Principal Residence sale

New and old rules on Principal Residence sales

February 2, 2017

When you sell your principal residence, the gain is probably tax-free, under the Principal Residence Exemption (PRE).

But what if you sell your cottage? Or farmhouse? Or park model trailer located in Arizona?

With the rapid appreciation in housing prices over the last several years, these questions have become critical, and we will answer them today.

However, let’s first look at some brand-new rules that came into effect with your upcoming 2016 tax filing.

New for 2016

The big change this year and for all future years is that taxpayers will have to report any disposition of a principal residence in order to claim the exemption.

Here are the CRA instructions from their website:

“You will complete Schedule 3 and file it with your T1 Income Tax and Benefit Return for the year you sell the property. If the property was your principal residence for every year that you owned it, you will make the principal residence designation in your Schedule 3. In this case, the year of acquisition, proceeds of disposition and the description of the property are the information that will have to be reported. Schedule 3 will be modified accordingly.

“Form T2091 (or Form T1255) will still be required for the designation in the case the property was not your principal residence for all of the years that you owned it.”

This will be required for all sales on or after January 1, 2016.

Other PRE rules continue

The PRE allows the tax-free sale of a residential property that is “ordinarily inhabited” by the taxpayer, spouse (or former spouse), common law partner or children of the taxpayer claiming the exemption.

Cottages, ski chalets, even a mobile home or houseboat can qualify, as long as you have slept there, basically. There is no time limit imposed on how often it was “ordinarily inhabited”. Foreign vacation property may also be claimed, but remember, each couple can only claim one property for any particular time period.

Raw land does not qualify, until a residence is constructed on it. Large properties and farm houses require specific advice.

If you own one residence only and sell it, you will now claim it on Schedule 3, and the exemption should be assured.

However, if for some reason you do NOT want to claim the exemption on a particular sale, then you must file Form T2091 (IND) to account for the capital gain. This would be the case, for example, if you sold a house with a small gain, and wanted pay the tax on the taxable half of that gain, while retaining the exemption for a second residence, which had a much larger gain.

You would also use the T2091 if not all of your gain on a sale is covered by the PRE.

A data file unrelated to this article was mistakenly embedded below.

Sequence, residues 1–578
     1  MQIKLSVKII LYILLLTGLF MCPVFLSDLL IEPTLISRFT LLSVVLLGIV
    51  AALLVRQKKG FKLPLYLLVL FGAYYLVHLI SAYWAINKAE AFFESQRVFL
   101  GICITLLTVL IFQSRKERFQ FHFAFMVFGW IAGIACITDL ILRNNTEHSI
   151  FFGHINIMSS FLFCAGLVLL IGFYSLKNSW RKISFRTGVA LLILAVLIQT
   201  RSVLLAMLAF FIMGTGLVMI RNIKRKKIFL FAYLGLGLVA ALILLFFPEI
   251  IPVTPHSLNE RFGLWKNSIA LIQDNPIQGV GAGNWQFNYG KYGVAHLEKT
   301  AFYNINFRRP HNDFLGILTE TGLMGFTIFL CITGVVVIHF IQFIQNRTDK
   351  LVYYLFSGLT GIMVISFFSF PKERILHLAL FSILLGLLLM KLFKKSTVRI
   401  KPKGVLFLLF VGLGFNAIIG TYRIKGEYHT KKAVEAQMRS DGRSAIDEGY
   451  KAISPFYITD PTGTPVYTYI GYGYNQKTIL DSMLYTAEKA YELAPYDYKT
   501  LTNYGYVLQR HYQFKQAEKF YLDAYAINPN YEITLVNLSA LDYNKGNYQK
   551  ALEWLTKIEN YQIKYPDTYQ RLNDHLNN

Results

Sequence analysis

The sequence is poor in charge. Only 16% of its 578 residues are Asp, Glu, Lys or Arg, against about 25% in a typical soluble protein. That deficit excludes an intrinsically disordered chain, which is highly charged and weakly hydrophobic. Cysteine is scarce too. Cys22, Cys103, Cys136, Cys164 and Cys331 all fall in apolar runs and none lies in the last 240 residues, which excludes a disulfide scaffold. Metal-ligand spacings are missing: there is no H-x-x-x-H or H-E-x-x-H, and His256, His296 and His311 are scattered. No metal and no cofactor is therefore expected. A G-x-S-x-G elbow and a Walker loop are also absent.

Only one PRE is claimable by each married or common law couple. The exception is for years of ownership up to 1982, when each spouse was allowed a principal residence.

Common law spouses can claim two exemptions for years up to (and including) 1993, when CRA started to include them in the definition of “spouse”.

Further, same sex couples can claim two exemptions up to 2001, when they became “spouses” under the tax rules.

If you move into a property that you have been previously renting out, or if you start to rent out your principal residence, then you have a “change of use” and a deemed disposition for tax purposes. In the first example, that would mean paying tax on half the gain at the time of change.

New restrictions on trusts for 2016

A trust that claims the PRE (in a situation where beneficiaries of the trust normally inhabit the dwelling) must file Form T1079, as before. However, the PRE will now be restricted to certain types of trusts, and not allowed for discretionary trusts, including those designed to protect spendthrift children, unless that beneficiary qualifies for the Disability Tax Credit.

If you have a complicated situation, like multiple properties or issues with rentals, I hope you are getting professional accounting advice. There are some wrinkles that can help you increase your PRE claim by a year (but also some pitfalls), so that help can be extremely valuable.

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Dollars and Sense is meant as an introduction to this topic and should not in any way be construed as a replacement for personalized professional advice.Please consult legal, tax, insurance and investment experts for advice on your unique situation.

David Christianson, BA, CFP, R.F.P., TEP, CIM is a Certified Financial Planner and senior advisor with Christianson Wealth Advisors, a Vice President with National Bank Financial Wealth Management, and author of the book Managing the Bull, A No-Nonsense Guide to Personal Finance.